So was every chef and line cook in town, along with the hard-core eaters who would gladly step on each other's necks to get through the door of a place serving suckling-pig steamed buns and bone marrow. Surprisingly, Bonanno got the doors open early, at the end of December — and then he surprised everyone again by taking up post behind the counter and cooking straight through the first month himself. Those steamed buns? Those were Bonanno's steamed buns, served from his hand. The ba mee noodle bowl came from his head, from his line, from his kitchen, to your table.
And this, of course, nearly killed me.
I've met Bonanno a couple of times. Never deliberately; I've never sat down for a beer with the guy or anything. But over the past half-dozen years, we've occasionally crossed paths at events and such, and if pressed, the guy could probably pick me out of a crowd. Picking me out at a counter from just a couple of feet away would be a lot easier. I didn't want Bonanno to know the first time I went to Bones. More than that, I didn't want to eat his noodles or buns — even though I might have been the only one in the city who didn't. I wanted Bones's buns and Bones's noodles and Bones's best work, but nothing more than that. I wanted what everyone else was going to be getting, which meant I had to wait.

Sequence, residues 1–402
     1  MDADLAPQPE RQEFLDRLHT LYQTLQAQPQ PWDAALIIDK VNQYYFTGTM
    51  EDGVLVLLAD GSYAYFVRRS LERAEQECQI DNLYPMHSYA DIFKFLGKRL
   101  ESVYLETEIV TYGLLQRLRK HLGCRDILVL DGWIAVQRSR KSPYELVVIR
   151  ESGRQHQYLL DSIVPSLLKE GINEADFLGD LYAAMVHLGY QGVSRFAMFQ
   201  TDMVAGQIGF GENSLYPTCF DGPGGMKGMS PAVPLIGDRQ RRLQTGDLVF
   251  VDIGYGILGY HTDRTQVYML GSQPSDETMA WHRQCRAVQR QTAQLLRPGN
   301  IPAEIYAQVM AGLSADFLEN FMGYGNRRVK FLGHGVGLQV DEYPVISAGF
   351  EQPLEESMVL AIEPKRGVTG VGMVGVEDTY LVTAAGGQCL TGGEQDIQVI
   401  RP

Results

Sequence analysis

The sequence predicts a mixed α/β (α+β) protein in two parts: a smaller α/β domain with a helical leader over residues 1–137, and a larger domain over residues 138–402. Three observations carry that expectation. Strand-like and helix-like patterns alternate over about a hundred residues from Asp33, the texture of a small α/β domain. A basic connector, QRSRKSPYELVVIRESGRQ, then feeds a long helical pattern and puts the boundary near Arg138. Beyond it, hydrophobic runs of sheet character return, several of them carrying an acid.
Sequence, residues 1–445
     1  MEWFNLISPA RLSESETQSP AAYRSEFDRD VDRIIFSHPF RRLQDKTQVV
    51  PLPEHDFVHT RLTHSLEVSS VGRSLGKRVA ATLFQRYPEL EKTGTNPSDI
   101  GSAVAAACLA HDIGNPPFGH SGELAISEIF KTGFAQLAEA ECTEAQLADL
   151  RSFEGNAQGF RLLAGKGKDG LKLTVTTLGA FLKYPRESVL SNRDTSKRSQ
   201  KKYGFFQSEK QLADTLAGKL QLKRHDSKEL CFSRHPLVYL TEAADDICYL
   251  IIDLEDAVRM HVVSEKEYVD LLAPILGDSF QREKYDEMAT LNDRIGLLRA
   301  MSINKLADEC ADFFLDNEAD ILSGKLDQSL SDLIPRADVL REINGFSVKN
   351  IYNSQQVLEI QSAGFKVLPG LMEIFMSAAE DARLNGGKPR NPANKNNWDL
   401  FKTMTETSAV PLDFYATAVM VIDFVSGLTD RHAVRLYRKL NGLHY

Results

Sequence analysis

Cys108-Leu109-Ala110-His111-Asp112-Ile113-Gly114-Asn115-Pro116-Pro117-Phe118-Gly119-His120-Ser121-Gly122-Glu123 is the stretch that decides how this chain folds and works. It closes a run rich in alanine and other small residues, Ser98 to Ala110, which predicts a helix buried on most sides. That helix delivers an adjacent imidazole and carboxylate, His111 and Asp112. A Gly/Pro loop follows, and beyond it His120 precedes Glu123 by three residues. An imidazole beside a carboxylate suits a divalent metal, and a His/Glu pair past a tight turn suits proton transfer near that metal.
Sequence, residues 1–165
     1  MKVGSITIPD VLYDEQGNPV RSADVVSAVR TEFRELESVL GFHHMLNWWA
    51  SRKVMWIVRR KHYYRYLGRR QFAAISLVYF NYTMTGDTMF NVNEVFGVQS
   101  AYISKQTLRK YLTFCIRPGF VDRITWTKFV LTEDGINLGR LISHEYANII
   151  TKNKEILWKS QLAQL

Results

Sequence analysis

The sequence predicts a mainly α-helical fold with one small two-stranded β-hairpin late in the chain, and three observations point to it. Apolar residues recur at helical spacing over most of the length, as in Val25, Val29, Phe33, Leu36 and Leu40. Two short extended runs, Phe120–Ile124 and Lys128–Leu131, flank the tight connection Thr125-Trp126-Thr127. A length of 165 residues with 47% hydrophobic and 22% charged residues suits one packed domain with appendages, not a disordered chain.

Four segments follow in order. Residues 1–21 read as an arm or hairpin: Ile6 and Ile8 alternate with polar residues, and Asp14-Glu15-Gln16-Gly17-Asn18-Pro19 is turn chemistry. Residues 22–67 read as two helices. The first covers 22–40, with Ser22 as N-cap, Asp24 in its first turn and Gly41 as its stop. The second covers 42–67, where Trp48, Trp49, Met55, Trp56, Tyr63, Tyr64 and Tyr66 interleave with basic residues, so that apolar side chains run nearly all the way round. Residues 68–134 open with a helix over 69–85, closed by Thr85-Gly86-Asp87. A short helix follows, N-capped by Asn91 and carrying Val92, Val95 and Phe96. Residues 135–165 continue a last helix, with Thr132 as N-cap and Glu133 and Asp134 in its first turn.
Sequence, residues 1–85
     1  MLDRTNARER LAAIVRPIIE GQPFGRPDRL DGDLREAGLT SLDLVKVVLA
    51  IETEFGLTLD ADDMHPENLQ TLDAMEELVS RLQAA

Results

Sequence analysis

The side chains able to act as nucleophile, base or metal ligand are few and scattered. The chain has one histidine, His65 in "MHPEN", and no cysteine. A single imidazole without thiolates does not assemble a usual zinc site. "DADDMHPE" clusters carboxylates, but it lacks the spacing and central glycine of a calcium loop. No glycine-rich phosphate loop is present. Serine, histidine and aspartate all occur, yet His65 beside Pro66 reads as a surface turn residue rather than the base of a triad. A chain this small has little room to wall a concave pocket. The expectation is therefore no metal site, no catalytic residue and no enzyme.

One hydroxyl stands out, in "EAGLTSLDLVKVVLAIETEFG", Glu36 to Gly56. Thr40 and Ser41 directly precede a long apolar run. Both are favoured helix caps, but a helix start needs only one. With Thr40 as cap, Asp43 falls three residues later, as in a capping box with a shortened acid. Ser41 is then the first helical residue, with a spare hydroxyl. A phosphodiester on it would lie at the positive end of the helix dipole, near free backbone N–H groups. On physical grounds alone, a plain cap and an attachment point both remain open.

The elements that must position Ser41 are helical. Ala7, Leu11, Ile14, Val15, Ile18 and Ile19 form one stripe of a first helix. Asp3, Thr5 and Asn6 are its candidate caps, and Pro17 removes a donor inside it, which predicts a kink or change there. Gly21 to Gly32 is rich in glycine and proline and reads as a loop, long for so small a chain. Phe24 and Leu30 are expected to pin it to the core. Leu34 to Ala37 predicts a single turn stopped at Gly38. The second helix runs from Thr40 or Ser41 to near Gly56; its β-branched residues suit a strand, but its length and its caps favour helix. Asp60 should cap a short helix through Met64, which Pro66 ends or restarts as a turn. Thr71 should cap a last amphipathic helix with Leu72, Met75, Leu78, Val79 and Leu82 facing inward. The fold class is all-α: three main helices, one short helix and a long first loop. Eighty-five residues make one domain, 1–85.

And then another month, when I'd walk up to the door, spot Bonanno making an unscheduled appearance at Bones, and veer off to another spot in the neighborhood. Through all this, I was getting messages from Bonanno. Taunting me. He'd text me — "Haven't seen you at Bones yet" — and I'd be sitting at my desk, drooling over the menu like it was porn, listening to friends and friends-of-friends raving about the tempura black cod and marrow and udon.
Then my day came. I'd already been out for a working lunch, out for drinks, then out for more drinks. Stopping in at the office, I got word that the James Beard Foundation had announced its semi-finalists for the restaurant and chef awards, and that Bonanno was on the list. The announcement had come that day; I knew there was no way in hell he'd be at Bones that night. He'd be out celebrating or something, making it a light night, maybe only dropping in at three of his four restaurants, whatever. I had my window. And since I knew I'd better wait a bit before trying to thread my way home through the cops and traffic anyway, I figured I'd sober up over some noodles. Just a quick snack. I called Nancy.
Two hours later, we staggered out of Bones after having eaten nearly everything the crew could throw at us. And it had all been amazing. We'd eaten pillowy, perfectly textured steamed buns folded like marshmallow tacos around a filling of either roasted suckling pig or delicious pork belly, both varieties topped with nothing more than a touch of hoisin glaze, a delicate fall of green onion. We'd eaten marrow, scraping it out of the hollows of big beef bones with special marrow spoons and spreading it on toasted bread, scouring the big knots of bone clean and then kinda wanting to chew them like dogs. We'd had the cod, tempura-fried, and dumplings with coconut-milk sauce that were a little stiff, a little chewy. But these were followed by noodles so good it was like they were spiked with a soupçon of sodium pentothal, enough to make you forget everything bad that had ever happened in your entire life and focus you fully on the beauty of this one, pure moment.